They say that with a 3D printer, you can make whatever you want. I want a snack. And I'm in luck, because in what may be the best coincidence ever, chocolate can be used as a 3D printing material. Computer, make me a bonbon!
Most 3D printers use plastic as a source material because it's malleable and melts at a relatively low temperature. Chocolate, with its melt-in-your-mouth goodness, also seems to work, and researchers ("researchers") at the University of Exeter in the U.K. have built themselves a computer-controlled 3D chocolate printer.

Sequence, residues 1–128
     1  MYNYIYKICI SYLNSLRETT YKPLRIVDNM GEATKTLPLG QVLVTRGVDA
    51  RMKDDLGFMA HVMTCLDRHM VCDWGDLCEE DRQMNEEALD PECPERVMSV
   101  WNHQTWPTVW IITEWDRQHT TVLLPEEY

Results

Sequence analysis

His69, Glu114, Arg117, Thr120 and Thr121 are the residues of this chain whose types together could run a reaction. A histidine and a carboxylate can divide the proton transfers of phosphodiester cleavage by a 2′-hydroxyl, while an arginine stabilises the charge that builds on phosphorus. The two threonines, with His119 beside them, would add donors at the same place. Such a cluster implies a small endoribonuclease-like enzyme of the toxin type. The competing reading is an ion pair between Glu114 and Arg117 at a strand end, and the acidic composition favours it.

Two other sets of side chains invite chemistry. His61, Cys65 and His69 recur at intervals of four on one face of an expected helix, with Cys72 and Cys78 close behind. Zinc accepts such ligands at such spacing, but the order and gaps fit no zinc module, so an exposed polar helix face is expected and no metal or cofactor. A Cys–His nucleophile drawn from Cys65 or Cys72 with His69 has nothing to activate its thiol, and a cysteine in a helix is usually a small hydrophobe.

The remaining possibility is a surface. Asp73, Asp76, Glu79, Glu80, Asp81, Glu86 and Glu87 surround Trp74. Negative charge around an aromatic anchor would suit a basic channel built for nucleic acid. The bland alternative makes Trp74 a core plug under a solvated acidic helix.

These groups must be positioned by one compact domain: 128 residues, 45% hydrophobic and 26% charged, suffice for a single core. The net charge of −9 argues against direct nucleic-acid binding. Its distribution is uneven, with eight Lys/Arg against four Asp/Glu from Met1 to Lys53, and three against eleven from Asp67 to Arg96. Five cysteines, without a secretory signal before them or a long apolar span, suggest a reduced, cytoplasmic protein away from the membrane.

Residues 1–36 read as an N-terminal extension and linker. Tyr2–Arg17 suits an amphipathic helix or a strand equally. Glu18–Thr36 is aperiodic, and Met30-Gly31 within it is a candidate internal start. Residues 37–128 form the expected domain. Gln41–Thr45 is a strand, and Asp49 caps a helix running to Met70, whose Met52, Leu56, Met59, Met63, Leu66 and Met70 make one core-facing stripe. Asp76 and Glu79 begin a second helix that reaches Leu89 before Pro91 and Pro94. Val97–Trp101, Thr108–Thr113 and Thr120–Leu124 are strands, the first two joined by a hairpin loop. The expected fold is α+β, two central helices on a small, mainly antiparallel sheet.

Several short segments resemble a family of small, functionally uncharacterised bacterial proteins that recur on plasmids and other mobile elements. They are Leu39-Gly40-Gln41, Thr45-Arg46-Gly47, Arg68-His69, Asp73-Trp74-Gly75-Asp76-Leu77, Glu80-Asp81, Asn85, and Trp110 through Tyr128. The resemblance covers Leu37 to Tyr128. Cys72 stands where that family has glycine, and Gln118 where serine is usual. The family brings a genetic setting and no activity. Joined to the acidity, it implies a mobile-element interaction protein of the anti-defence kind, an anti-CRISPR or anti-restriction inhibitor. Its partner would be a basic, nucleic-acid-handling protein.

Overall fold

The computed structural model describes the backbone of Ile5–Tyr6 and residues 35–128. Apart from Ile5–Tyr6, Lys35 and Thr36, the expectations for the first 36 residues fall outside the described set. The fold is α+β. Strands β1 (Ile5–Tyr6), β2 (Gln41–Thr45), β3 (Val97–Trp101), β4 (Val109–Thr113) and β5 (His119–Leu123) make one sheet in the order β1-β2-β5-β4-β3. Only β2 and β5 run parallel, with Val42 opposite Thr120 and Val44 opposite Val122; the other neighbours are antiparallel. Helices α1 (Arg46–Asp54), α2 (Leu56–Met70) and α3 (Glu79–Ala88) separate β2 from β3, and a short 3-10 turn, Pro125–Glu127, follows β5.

Chocolate is slightly harder to work with than plastic because it's both harder to feed through the printer and harder to keep stable after it's printed. Solving these problems required some clever heating and cooling systems, which are complicated enough that you're probably not going to see desktop 3D chocolate printers showing up at your local Home Depot anytime soon. What you will see are 3D chocolate printing services, where you can submit a design and get back an edible objects including "jewelry and household goods."
I can only hope that the next time I try to eat a chocolate pearl necklace, I won't be so horribly disappointed.